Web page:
Libraries at University of Nebraska-Lincoln


Document Type


Date of this Version



Thesis (M.S.)—University of Nebraska—Lincoln, 1965. Department of Chemical Engineering.


Copyright 1965, the author. Used by permission.


The flow of fluids through packed beds is a field of science and technology which has developed rapidly during recent years. Major developments have occurred in the area commonly referred to as diffusional operations; in fact, there is hardly a chemical process today which does not ultimately involve one or several steps that are commonly included in this area. Although no general theory exists, knowledge of turbulent diffusion in packed beds is of interest in the technology of catalytic reactors, packed tube heaters, and absorbers.

In this work, mass transfer rates in the radial direction in the dispersed phase for two phase flow in a packed bed were experimentally determined. A column packed with half-inch graphite Raschig rings in which air and water were contacted counter-currently was used. The column was operated so that the water was the dispersed phase with which a continuous “point source” dye stream was injected at the top of the packing.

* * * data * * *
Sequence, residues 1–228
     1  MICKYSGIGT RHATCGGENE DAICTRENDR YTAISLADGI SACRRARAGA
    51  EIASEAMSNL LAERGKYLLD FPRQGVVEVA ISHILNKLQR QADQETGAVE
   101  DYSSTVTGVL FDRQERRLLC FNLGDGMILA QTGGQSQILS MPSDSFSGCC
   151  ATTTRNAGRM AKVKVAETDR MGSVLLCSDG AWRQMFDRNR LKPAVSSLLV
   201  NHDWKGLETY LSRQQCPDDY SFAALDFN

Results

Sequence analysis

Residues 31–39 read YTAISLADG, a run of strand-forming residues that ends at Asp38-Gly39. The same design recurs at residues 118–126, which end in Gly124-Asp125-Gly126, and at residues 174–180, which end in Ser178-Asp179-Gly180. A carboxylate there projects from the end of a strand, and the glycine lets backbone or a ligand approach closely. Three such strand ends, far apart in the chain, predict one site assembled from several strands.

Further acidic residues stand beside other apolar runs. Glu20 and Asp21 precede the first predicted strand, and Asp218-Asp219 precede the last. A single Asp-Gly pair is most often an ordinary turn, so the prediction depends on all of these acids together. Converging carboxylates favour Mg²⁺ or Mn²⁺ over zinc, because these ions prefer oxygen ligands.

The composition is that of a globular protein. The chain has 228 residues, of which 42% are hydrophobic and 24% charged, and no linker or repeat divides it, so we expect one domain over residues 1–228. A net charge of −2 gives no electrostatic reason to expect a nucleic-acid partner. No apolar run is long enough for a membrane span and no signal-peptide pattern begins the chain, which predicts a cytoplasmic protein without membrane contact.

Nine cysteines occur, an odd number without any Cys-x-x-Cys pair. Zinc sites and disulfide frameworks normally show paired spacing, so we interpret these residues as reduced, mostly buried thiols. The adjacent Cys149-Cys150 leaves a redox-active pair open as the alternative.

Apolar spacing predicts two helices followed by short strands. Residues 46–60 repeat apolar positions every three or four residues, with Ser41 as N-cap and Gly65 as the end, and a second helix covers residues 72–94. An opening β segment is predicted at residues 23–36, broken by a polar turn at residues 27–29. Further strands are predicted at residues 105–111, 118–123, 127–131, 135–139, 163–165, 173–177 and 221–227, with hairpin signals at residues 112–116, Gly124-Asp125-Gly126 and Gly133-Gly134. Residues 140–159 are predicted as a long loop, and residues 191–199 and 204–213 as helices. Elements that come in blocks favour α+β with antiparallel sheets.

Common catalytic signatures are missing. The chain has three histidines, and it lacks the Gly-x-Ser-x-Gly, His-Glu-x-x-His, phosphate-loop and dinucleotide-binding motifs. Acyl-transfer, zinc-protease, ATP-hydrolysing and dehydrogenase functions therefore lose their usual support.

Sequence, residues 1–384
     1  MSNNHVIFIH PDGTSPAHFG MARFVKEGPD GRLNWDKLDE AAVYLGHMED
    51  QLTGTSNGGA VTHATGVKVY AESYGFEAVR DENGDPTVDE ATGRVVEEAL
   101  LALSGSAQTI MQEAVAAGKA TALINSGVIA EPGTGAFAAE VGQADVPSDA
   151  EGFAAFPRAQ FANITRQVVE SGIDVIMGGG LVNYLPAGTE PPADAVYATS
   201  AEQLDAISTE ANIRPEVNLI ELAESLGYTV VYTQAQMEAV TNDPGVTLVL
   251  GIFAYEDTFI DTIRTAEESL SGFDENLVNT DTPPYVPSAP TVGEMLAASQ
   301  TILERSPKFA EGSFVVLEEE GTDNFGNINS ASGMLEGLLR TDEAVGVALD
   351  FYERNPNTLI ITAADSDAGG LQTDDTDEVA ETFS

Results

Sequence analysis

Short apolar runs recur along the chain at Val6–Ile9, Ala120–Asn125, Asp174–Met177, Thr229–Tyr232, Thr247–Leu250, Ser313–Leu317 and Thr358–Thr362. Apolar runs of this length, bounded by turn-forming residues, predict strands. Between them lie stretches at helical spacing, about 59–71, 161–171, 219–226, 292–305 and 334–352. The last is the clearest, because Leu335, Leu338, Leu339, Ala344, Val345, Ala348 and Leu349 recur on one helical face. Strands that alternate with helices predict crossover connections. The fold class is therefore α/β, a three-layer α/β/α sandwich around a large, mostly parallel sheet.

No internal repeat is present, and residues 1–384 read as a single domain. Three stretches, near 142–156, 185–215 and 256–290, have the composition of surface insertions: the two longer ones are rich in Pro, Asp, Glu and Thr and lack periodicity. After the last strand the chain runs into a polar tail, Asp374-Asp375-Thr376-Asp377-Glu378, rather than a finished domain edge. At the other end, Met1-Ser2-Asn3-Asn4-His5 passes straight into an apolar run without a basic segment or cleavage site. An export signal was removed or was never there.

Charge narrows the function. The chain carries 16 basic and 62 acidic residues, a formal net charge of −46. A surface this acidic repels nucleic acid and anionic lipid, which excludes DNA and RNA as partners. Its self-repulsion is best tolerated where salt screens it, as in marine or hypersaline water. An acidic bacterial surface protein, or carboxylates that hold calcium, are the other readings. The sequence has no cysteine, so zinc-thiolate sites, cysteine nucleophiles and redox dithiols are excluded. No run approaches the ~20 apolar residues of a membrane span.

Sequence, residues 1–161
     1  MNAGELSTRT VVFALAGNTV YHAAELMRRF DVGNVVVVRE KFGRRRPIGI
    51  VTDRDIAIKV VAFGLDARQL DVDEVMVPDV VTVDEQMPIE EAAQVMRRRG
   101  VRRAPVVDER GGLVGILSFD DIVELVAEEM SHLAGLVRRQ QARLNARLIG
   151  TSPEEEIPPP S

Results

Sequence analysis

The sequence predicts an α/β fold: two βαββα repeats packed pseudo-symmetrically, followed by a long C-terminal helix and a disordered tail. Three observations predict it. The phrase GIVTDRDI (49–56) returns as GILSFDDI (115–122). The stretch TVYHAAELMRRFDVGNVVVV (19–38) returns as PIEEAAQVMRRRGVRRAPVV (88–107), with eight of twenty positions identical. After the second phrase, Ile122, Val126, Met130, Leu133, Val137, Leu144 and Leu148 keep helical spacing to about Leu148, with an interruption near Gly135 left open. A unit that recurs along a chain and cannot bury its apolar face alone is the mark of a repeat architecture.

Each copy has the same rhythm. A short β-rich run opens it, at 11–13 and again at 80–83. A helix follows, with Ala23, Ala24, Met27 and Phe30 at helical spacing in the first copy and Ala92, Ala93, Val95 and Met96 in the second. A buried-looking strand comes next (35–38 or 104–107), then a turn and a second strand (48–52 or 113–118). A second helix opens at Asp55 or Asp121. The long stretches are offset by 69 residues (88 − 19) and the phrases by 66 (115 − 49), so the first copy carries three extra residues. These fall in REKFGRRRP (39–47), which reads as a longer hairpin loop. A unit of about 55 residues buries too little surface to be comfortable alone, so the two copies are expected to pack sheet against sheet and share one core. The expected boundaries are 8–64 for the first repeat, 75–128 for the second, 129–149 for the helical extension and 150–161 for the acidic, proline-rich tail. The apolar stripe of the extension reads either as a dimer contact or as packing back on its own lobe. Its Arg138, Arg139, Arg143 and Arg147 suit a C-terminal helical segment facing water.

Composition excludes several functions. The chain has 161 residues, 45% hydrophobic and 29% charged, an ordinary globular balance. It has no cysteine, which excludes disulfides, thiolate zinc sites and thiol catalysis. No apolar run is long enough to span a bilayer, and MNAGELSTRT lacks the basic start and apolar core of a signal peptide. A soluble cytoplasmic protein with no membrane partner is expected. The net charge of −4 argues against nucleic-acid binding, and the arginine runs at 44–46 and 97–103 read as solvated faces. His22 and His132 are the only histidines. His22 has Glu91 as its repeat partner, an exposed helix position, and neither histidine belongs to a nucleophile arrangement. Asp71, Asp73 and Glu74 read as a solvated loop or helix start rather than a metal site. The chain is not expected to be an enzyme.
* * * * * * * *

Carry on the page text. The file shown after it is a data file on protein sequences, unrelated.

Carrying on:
Capillary tubes placed at a cross-section within the bed enabled liquid phase samples to be withdrawn from various radial positions. These samples were analyzed for dye concentration with a spectrophotometer. From the resulting radial concentration profile a pseudo diffusion coefficient is presented in terms of the dimensionless group commonly called the modified Peclet number

Pe =

where dp is the particle diameter and u is the mean point condition velocity in the axial direction.

Results indicate that an increase in the Reynolds number of either phase will improve mixing in the radial direction in the dispersed phase as evidenced by a decrease in the Peclet number. A satisfactory correlation of this behavior over the range of variables studied is presented along with suggestions for further work in this area

Advisor: Richard E. Gilbert